It's's safe to assume that Beverly Donofrio was never a candidate for Mother of the Year. In Penny Marshall's adaptation of Donofrio's memoir, Riding in Cars with Boys, Bev (Drew Barrymore) grows up in blue-collar Connecticut, nursing dreams of a writing degree at New York University. (Or, as Barrymore dreamily says it, "N.Y. Yoooooo.") That dream careens down a seemingly inescapable cul-de-sac when she gets pregnant at the tender age of 15. The father, Ray (Steve Zahn), is a good-natured ne'er-do-well who'll eventually screw up her life further with his drug and alcohol problems.
If it's starting to sound like a storyboard for yet another of those triumph-of-the-spirit films, don't break out the Kleenex just yet. This isn't a happy film, and despite Marshall's attempts to frame it that way, it isn't a terribly funny one. As the real Beverly Donofrio is the first to admit, it's the story of a self-centered girl who refuses to accept the deferral of her dreams, even at a cost to her son. For Bev, "M" doesn't stand for "mommy," it stands for "me, me, ME!"
Bev cries when she realizes she's given birth to a boy, not the daughter she was expecting. She ignores young Jason to study for her G.E.D. and nearly allows him to drown in a Jacuzzi while she's doped up and shooting the breeze with her best pal Fay (Brittany Murphy, who matches Barrymore's energy nicely). For birthday presents, she writes up a life plan for her son and announces her plans for a book. Given their tumultuous history, it's astounding that, as adults, this mother and son can share a continent, let alone a long car ride, as they do in the film's opening scene.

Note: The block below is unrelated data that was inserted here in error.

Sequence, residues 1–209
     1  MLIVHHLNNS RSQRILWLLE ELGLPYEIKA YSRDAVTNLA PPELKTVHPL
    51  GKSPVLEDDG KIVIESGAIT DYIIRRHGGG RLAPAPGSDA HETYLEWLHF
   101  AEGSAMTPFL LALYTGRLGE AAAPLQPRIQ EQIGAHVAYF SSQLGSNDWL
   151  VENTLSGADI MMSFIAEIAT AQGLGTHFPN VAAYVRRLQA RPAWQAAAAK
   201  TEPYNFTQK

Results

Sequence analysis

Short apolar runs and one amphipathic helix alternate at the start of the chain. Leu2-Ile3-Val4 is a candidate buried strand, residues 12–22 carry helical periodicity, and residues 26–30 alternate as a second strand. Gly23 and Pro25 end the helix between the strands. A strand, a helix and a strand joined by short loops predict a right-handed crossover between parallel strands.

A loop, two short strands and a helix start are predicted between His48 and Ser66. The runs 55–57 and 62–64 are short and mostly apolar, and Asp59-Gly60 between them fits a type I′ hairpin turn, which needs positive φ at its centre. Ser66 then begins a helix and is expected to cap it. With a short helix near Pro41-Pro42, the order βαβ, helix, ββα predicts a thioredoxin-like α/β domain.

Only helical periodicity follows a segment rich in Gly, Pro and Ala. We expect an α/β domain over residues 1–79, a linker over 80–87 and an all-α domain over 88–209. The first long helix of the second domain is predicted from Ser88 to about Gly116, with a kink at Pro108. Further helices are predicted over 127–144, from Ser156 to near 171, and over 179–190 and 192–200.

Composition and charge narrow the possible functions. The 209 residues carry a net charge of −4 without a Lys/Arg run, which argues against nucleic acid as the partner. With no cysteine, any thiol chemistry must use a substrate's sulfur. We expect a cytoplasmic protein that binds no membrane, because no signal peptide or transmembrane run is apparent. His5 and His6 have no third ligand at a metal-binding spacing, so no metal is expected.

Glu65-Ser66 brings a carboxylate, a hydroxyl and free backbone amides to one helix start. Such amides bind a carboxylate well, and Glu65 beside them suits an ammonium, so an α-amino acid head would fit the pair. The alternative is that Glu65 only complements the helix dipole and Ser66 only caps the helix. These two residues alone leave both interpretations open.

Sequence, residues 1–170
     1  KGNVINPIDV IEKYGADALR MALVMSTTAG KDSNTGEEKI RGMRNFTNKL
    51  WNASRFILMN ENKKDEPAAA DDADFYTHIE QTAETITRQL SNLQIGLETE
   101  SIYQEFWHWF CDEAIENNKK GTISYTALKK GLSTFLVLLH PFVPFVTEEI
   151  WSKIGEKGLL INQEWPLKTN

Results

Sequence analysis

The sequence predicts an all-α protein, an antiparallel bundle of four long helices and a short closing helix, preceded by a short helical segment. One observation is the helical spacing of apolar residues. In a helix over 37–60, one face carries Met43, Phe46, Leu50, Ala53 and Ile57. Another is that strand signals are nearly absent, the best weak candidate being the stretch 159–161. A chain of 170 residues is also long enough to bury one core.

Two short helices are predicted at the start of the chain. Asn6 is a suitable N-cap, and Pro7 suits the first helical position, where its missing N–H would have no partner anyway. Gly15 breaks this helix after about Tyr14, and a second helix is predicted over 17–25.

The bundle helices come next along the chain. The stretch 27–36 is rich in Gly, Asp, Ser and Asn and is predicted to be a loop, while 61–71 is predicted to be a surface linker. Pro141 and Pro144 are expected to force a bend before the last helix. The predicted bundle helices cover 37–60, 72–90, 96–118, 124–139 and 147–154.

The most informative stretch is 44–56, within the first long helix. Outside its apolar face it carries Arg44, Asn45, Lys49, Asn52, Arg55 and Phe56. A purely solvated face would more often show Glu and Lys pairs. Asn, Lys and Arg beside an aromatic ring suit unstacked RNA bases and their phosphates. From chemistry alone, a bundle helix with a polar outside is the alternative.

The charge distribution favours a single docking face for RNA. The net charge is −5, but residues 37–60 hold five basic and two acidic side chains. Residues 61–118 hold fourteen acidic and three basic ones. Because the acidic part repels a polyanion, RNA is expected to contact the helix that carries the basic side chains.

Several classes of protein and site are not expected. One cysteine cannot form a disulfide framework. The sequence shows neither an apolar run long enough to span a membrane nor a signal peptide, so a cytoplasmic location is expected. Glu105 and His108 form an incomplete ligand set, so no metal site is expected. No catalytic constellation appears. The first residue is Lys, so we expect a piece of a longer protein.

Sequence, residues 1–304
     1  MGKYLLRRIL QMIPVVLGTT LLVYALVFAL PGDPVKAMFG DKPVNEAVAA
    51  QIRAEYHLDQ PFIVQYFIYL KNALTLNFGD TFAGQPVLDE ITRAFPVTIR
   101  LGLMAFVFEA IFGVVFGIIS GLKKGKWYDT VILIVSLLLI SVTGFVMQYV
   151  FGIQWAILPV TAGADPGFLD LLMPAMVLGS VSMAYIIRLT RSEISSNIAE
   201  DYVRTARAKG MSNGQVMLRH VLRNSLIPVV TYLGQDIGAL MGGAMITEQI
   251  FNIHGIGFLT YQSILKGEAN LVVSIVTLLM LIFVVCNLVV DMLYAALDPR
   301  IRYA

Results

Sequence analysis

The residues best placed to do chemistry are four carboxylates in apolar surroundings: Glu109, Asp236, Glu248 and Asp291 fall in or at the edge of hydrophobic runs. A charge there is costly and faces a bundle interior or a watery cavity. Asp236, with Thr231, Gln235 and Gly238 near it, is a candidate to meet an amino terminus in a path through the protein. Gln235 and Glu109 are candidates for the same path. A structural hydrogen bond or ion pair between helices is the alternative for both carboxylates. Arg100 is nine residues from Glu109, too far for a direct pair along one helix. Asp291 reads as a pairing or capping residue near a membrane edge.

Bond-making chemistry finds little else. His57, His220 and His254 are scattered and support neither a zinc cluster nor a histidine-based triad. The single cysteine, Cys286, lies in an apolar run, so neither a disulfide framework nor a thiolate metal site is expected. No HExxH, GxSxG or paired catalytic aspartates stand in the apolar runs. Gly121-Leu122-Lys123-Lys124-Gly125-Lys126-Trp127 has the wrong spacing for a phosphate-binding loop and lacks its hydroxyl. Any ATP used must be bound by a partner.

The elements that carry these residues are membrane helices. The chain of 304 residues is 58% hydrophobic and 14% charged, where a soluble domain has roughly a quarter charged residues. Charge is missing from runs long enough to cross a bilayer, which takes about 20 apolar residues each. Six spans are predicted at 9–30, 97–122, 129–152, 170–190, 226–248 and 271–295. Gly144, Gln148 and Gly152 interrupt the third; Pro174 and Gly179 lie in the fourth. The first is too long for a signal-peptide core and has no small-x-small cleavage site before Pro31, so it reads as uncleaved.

The screenplay ' reportedly more than a decade and several rewrites removed from Donofrio's original manuscript ' hopscotches back and forth between three decades. We get '60s Bev as a boy-crazed, bouffant-sporting bad girl and '70s Bev as a beleaguered mother stuck in public housing as she struggles to realize her dreams. Finally, there's '80s Bev in bad makeup and a suddenly pronounced noo-yawhk accent. As the film skips along, it skips over some pretty significant territory. Adult Jason is presented to us as a fairly well-adjusted guy, but we're given almost no evidence that Bev ever did more than attend to her son's basic needs.
At one point Ray pulls a disappearing act, forcing Bev to cart Jason to a scholarship interview and thus lose the opportunity. "For me," says Jason in a voice-over, "it's not how Ray let her down, it's about how my mere presence at the age of 3 crushed all her dreams." That incident alone ought to have been the basis of a decade of psychotherapy.
With her directorial debut, 1988's Big, Marshall established herself as a master of the bittersweet. Here, she's often forced to slather on a thick coat of syrup to offset the vinegary events of Bev's life, and it doesn't always work. Luckily, she's working with talented actors. Barrymore's sunny screen personality has always been at odds with her own troubled history ' that's been part of the appeal of her turns in films like Ever After, and it's part of her appeal here. Zahn's loopy timing and facial expressions carry every scene he's in; ironically, he's the parent who comes off as most caring, and it's his unexpected pearl of wisdom that helps to bring Bev and Jason to a better understanding of each other.
Bev's philosophy boils down to this: Three or four events determine your fate. But her tragedy is her failure to recognize her own culpability in bringing those events about. Riding in Cars with Boys is a courageously unflattering portrayal, one that flies in the face of Hollywood's typical take on scrappy motherhood. As a result, though, it's almost impossible for the audience to connect with Bev, root for her or feel any sense of triumph when she finally convinces Ray to sign the waiver her publishers are demanding before they green-light her book. Call it courage if you want to. If you're a parent, you'll probably also call it sad.